14th to 19th century Indian garments and textiles on display at Asian Civilisations Museum
These “luxurious” textiles served as symbols of wealth, decorated homes, clothed people and were used in ritualistic practices.
The Asian Civilisations Museum’s (ACM) refreshed Fashion and Textiles Gallery now showcases exquisite Indian garments and textiles from the 14th to 19th century, the museum said in a press release on Thursday (Mar 23)
Titled Textiles Masters to the World: The global desire for Indian cloth, the exhibition features 27 pieces of clothing that have not been on display for over a decade, including some from the National Collection.
The textiles used to design the featured clothes reflect a myriad of advanced design techniques and production technology, including dye printing, block printing and hand embroidery.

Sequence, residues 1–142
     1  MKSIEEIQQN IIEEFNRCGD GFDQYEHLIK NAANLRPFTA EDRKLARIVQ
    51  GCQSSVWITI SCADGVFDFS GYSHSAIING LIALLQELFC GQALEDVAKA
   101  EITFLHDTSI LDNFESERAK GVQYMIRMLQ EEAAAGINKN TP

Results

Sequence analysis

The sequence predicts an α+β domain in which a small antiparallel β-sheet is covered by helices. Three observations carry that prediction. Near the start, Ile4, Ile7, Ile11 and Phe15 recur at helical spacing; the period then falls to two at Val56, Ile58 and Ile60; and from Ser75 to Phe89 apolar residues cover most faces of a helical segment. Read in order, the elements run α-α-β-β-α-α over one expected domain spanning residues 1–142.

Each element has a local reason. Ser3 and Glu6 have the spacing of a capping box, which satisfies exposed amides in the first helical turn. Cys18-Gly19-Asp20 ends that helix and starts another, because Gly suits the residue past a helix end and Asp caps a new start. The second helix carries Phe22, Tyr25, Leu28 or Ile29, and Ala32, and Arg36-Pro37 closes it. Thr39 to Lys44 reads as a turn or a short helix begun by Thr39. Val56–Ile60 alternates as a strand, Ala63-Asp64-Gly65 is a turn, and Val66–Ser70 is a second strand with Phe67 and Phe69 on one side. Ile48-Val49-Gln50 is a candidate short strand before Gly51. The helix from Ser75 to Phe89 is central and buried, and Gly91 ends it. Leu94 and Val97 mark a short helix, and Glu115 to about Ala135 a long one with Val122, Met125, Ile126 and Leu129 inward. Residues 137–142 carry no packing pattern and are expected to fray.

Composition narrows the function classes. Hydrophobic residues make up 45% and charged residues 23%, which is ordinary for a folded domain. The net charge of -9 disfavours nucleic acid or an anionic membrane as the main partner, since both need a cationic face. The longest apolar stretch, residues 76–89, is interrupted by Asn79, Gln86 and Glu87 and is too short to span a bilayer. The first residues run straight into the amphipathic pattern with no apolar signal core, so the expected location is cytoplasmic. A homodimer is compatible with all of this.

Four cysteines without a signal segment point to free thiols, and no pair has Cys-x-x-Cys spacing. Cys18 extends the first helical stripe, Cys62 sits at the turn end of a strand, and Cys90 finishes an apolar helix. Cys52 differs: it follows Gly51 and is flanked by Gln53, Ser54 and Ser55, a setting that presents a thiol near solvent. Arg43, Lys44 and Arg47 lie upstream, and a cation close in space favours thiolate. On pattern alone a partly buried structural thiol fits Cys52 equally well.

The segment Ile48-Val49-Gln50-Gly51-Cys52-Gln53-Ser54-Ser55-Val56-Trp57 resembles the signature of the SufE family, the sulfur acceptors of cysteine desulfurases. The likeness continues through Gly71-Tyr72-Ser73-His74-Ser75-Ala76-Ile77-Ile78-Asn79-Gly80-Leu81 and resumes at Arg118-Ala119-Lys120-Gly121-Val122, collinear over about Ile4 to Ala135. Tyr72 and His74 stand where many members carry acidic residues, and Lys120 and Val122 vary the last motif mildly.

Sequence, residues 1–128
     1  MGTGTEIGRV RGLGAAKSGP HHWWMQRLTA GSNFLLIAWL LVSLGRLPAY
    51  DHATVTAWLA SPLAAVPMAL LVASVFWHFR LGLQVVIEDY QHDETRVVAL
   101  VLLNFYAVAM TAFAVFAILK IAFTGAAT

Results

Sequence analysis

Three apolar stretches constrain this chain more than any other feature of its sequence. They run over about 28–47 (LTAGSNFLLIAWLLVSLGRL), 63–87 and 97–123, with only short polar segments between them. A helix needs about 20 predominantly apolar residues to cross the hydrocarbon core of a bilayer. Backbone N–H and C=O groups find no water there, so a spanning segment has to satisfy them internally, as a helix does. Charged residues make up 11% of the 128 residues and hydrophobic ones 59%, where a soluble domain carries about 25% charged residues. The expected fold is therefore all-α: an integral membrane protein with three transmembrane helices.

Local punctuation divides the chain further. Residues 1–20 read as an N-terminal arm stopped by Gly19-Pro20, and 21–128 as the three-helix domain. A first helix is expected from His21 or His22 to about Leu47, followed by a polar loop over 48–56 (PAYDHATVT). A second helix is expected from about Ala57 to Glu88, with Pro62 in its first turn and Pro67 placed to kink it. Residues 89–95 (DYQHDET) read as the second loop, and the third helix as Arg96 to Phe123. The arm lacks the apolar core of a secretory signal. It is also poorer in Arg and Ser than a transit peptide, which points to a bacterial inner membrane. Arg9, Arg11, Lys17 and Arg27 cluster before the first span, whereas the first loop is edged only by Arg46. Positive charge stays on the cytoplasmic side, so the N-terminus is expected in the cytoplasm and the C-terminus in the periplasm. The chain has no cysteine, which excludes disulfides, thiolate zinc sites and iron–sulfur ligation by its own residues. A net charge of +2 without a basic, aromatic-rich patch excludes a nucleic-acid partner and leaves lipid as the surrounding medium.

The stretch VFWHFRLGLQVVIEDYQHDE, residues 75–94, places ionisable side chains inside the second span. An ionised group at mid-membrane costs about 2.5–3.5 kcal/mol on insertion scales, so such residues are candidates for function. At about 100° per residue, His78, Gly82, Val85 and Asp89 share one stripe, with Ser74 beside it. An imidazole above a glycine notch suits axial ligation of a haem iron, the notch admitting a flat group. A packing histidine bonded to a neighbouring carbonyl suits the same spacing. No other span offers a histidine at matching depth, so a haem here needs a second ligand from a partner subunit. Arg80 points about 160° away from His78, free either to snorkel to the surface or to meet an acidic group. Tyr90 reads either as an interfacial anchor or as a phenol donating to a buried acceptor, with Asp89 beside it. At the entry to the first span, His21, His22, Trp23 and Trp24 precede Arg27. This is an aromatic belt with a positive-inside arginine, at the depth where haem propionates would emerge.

With its versatile functions, these textiles also served as symbols of wealth, decorated homes, clothed people and were used in rituals.
The textiles were originally from Gujarat and Coromandel coast in India, before reaching the shores of countries such as Indonesia, Egypt and Japan, where they eventually cross-influenced local designs, materials and fashion.
The Textiles Masters to the World: The global desire for Indian cloth exhibition is open daily at the Fashion and Textiles Gallery on the third level of the museum from 10am to 7pm.
Entry is free for Singaporeans and permanent residents.